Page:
A falcon takes off in a flurry of motion from the arm of a falconer at Kanazawa Station in Ishikawa Prefecture as tourists stand enthralled.

Surrounding landmarks such as Tsuzumi-mon, a wooden gate in the motif of traditional Japanese hand drums, and a modern glass dome named Motenashi, after the word for hospitality, provide a compelling backdrop for the remarkable exhibition.

Set amid such conspicuous structures, its small wonder that Kanazawa Station was recently lauded for its beauty by a U.S. travel magazine.

“Cool!” one spectator cheered. “Impressive!” commented another.

Though it has all the trappings of a tourist attraction, the avian display is actually driven by a crucial mission: keeping pigeons, and their regular aerial bombardments, away from the station.

Pigeon droppings had been a source of concern for city officials since the dome, which was completed in 2004, was in its design stage. From around 2008, local pigeons began using it to shelter from inclement weather as well as from their enemies. For a city that hosts one of the world’s most beautiful train stations, this was a serious concern.

At first, the city tried nets, then wires and pigeon repellent — all to little effect. Their droppings, meanwhile, continued to sully the buildings and were the scourge of tourists.

In dire straits, a section chief at the city government’s road management department, Masahiro Fujita, consulted with a bird control company managed by a falconer in an attempt to get a handle on the situation. The grand opening of the extended Hokuriku Shinkansen Line was not far off.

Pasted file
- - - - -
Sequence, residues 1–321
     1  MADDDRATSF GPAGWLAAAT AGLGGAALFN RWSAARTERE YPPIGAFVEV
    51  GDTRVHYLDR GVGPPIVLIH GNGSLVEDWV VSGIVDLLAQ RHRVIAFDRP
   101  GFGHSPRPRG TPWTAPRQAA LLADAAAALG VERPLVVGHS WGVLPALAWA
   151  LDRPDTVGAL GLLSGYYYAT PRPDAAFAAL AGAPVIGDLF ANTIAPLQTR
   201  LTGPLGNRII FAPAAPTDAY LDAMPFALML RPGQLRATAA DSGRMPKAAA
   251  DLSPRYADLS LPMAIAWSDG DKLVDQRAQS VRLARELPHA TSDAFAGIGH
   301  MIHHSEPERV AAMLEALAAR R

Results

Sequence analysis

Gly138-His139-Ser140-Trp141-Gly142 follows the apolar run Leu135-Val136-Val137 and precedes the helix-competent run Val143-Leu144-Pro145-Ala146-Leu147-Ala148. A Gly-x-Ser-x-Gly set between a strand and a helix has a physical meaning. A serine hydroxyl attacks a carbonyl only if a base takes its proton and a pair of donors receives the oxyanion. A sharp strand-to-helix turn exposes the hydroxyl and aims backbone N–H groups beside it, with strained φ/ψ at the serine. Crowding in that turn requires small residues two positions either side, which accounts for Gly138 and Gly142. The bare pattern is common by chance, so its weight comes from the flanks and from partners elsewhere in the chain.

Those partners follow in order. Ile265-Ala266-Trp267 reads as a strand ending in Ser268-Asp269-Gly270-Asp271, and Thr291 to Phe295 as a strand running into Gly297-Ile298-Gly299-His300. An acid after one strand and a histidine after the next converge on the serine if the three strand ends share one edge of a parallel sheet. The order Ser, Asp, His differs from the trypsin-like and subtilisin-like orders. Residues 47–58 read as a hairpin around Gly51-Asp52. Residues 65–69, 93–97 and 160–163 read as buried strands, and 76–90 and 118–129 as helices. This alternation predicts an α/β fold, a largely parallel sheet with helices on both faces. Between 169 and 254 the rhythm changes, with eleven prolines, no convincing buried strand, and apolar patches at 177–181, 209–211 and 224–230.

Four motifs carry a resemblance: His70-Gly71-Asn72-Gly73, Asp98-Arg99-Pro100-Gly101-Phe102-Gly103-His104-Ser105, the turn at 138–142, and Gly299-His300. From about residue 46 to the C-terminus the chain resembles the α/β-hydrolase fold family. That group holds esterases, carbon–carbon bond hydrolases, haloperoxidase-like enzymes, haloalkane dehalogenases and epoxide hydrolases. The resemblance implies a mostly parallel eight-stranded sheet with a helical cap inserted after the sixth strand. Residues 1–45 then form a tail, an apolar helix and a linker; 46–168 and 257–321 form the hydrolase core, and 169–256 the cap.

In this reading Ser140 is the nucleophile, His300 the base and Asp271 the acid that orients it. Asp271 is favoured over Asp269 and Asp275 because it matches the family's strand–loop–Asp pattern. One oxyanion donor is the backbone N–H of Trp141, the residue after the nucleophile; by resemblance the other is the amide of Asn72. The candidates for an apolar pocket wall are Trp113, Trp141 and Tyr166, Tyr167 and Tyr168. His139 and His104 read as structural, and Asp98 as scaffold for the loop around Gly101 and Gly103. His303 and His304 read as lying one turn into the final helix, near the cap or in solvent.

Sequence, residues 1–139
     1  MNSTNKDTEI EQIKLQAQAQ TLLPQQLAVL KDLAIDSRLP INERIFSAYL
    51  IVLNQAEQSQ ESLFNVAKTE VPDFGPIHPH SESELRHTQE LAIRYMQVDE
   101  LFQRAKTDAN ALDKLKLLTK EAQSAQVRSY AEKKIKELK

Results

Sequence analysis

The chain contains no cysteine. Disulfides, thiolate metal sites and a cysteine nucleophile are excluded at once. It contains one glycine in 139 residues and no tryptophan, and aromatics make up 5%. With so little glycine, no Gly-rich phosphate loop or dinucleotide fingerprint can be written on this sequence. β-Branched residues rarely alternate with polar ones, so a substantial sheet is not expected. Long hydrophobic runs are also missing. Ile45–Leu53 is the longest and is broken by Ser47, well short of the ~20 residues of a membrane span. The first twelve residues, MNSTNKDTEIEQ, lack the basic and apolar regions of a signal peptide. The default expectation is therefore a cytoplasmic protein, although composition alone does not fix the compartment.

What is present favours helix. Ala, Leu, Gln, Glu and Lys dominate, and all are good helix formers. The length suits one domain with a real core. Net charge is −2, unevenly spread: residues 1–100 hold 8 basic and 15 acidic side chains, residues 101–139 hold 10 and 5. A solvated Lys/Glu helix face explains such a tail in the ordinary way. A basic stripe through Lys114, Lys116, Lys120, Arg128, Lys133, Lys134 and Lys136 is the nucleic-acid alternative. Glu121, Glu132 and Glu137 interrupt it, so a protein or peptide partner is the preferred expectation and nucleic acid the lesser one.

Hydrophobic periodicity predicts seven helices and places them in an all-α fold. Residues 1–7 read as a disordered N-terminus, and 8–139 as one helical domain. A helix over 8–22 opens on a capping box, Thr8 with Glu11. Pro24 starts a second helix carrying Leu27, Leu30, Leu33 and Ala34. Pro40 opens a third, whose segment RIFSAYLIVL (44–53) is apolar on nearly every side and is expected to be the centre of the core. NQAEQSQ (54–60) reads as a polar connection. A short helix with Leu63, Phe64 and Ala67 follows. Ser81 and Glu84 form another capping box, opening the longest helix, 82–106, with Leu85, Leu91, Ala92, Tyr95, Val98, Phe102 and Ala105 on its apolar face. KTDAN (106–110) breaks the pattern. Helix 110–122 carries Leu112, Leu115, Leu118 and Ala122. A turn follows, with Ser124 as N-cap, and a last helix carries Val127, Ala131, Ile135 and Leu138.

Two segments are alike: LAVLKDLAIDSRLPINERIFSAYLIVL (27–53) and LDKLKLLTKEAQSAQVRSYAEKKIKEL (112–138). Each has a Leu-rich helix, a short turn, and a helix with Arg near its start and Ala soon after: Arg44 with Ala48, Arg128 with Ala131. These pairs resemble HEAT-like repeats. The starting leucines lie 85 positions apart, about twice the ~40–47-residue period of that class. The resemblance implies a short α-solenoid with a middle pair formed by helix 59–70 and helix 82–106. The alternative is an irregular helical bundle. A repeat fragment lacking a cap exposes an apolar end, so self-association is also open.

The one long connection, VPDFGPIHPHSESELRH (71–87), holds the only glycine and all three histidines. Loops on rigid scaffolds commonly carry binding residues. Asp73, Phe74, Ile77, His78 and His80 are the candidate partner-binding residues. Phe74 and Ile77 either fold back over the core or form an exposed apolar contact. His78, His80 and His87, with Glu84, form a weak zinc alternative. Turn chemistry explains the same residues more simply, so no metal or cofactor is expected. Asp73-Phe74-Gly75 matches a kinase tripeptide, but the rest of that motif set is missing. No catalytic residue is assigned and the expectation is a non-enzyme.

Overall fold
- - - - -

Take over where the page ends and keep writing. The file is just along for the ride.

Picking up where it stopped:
From June 2015, trained falcons began to circle Kanazawa Station twice a week, and after two months, the area’s roughly 100 pigeons had disappeared. Each day of patrolling costs ¥30,000, and the city set aside nearly ¥500,000 for the campaign under its budget for the current fiscal year to March 2017.

“No large-scale construction work is needed. It only involves one person and a falcon,” Fujita said, emphasizing the method’s cost efficiency.

To the delight of the local tourism industry, the falconry also proved a hit with visitors to the city of Kanazawa, which is an old castle town.

The falconry is also attracting attention from overseas visitors. Falconer Takayuki Yoshida was questioned and photographed so much that he set up a signboard with an explanation in Japanese and English.

“I like it. It goes well with the atmosphere of the station,” said Satoru Kawauchi, a 36-year-old visitor from Tokyo who watched the patrol.

According to the Japanese Falconers’ Association, a nonprofit organization, falcons have come to carry out a wide range of assignments, including tackling problems with wild bird droppings at factories and reducing the number of aircraft bird strikes. Some falconers have started businesses, an association official said.


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